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City Cracking Down on Selling Cheap Stuff on the Streets

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The New York Times checks in on our fair city's efforts to crack down on illegal street vending, focusing on the hopping sidewalks of Westlake and Venice. A new ordinance for Venice, passed in December, goes into effect January 20--it allows the sale of free speech materials or art that a vendor has created, but not junk like t-shirts or incense. Westside Councilmember Bill Rosendahl told the Times he's convinced the new ordinance will stand up to court challenges; he also had some strong words about some of the vendors: "People come here from all over the planet, and they were just taking over with junk and cheap trinkets... the history here is of free speech, not selling all kinds of nonsense." Meanwhile, in Westlake, Councilmember Ed Reyes is concerned about the proliferation of vendors along Alvarado St. The city's put up signs saying that "street and sidewalk sales of goods are prohibited," with warnings of jail time or fines. Reyes has used federal grand money to help create "a new city-sponsored weekend market, which requires vendors to undergo training and licensing. The plan has met with some trepidation: only 80 sellers have signed up for 120 spots." Permits cost about $500. Vendors say (or demonstrate to NYT reporters) that they'll just hide their wares when the LAPD swings by and set back up after the cops turn the corner.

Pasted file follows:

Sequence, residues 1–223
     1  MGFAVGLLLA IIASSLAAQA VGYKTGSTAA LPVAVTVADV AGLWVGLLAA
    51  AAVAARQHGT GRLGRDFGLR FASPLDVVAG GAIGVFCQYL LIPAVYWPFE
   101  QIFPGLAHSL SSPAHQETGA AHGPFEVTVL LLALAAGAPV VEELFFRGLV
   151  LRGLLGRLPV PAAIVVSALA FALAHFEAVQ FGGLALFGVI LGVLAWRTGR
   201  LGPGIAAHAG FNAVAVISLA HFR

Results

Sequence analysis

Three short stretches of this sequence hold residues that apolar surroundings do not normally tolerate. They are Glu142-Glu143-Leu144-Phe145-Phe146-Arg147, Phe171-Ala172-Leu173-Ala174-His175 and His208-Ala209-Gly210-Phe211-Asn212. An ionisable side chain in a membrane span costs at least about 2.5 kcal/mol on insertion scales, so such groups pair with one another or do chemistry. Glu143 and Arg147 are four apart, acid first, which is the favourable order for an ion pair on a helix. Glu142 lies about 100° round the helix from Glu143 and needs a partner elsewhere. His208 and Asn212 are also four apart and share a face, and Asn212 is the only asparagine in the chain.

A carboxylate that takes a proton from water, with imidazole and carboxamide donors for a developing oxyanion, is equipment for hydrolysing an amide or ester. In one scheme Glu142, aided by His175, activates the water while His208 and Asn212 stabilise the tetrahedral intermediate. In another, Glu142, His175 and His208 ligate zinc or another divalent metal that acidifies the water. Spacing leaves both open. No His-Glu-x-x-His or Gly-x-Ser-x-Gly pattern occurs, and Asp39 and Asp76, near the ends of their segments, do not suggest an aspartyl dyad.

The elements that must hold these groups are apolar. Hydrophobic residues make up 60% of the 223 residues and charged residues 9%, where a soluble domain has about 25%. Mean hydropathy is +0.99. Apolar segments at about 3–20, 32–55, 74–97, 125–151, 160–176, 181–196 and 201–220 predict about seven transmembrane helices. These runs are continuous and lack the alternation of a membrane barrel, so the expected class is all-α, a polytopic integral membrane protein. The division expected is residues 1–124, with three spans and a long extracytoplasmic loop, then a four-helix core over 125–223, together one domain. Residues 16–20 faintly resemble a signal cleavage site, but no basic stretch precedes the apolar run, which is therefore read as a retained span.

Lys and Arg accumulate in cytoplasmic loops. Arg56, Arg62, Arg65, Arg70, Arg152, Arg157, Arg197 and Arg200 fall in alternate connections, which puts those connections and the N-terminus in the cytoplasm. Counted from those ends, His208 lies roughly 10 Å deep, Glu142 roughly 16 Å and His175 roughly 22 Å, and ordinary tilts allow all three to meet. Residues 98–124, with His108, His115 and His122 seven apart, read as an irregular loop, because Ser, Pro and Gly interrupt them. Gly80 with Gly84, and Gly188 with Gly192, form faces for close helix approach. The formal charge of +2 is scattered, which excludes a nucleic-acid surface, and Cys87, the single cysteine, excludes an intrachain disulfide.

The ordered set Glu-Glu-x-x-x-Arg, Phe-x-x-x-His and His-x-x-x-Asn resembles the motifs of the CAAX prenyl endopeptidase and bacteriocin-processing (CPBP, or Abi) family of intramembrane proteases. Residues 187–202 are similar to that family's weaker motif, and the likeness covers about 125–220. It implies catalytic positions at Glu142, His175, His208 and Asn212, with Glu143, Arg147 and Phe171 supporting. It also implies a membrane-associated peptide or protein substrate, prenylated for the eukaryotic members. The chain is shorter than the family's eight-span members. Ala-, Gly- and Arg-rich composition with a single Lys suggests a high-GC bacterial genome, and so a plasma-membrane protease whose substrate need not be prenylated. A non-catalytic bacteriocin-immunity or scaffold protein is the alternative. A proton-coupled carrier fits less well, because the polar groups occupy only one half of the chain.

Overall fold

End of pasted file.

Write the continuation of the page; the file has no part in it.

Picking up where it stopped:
· LA Cracks Down on Street Vendors [NY Times]
· What You Can and Can't Buy on Venice Beach? [Curbed LA]